-How does it feel to have received a perfect score?
-What was your studying method?
-What are your future plans after getting a perfect score?
-How did you manage your time during the test?
-What score were you hoping to get?
-How do you balance school work, athletics, and activities?
-How many times did you take it?
-Did you feel confident when you were done?
-What section did you feel most confident about?
-It honestly didn’t really register when I first saw the score. I know my parents called me when I texted them and they were really excited but it just never registered that I had done something like that.
-I didn’t study. This was my first time taking it so I was treating it as a baseline so that I could go on and study what I needed to and take it again. I definitely still took it seriously and tried my best.
-My future plans didn’t change. I’m not sure where I’m going to college, but I know that I’d like to go into public health with a focus on biology and statistics. After college, I plan on serving with the Peace Corps for a few years before finding a job.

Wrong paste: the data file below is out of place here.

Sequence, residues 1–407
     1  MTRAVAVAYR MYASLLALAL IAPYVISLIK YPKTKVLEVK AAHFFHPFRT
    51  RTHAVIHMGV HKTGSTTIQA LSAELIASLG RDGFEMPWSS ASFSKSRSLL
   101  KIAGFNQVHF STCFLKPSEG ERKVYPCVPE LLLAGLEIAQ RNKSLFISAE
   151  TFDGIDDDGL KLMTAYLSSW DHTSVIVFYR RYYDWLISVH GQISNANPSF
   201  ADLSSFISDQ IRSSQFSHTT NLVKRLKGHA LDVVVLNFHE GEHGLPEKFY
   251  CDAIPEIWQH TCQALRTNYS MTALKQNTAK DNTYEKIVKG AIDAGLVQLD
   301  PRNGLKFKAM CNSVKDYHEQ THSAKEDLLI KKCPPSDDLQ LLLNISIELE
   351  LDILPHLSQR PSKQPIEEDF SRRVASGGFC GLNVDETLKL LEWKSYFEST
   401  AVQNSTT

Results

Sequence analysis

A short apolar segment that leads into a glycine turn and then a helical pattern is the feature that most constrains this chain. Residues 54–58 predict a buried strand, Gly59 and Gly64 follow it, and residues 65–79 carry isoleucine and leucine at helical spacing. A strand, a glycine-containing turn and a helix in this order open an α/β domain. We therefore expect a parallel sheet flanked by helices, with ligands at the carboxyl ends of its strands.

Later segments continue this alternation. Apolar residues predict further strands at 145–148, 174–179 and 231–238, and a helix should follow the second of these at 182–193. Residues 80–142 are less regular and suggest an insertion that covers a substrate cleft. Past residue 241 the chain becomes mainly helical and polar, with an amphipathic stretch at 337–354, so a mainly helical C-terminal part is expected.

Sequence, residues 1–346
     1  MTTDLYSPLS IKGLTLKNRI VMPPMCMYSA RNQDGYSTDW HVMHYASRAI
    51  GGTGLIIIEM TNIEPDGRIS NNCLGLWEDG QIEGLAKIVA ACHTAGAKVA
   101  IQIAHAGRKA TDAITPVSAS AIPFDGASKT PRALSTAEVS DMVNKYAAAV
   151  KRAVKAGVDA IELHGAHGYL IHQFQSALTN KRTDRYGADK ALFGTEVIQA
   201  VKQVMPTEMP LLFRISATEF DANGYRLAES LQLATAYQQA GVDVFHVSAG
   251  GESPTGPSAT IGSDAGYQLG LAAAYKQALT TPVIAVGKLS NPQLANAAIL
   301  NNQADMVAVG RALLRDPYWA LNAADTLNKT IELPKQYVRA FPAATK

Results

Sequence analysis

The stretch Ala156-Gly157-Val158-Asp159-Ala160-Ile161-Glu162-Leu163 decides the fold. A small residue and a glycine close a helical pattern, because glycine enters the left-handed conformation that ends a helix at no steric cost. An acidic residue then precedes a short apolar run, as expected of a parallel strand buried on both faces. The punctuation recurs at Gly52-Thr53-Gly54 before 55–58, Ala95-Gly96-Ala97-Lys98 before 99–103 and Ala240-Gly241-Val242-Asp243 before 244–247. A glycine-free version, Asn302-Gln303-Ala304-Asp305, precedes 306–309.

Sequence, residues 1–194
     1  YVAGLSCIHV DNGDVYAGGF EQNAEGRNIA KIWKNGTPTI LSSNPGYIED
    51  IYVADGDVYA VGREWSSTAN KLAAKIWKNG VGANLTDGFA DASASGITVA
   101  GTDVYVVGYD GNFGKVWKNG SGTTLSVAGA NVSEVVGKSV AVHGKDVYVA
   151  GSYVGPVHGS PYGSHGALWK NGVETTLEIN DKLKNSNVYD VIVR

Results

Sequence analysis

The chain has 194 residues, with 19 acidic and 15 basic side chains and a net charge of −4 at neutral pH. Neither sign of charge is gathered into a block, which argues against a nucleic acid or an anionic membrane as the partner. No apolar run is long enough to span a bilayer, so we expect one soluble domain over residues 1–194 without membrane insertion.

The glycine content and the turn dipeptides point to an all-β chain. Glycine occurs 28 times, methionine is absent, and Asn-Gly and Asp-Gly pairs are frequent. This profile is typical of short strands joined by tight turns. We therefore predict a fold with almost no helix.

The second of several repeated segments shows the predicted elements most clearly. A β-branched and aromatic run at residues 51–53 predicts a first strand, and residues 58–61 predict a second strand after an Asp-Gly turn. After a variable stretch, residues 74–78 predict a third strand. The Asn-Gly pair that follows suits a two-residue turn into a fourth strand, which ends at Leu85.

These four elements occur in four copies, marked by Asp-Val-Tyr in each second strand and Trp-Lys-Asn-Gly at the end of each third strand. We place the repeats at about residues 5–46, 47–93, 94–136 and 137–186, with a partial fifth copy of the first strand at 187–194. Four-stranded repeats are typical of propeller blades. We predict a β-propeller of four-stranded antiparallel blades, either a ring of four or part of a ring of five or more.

-I just tried to keep moving. I work pretty fast just to get an answer down and circle that in the book, and then take time afterwards to check as many answers as I can, at which point I would fill in the bubbles on the answer page. That means I catch any errors I made on the first read-through, but it also guarantees that I have a decent guess for every question. I didn’t really have a specific time strategy going in, I just didn’t stay on any one question too long.
-I had no goal score. Above a 30 was what I was distantly hoping for, but I didn’t set out with the goal of getting any one score because it was a baseline.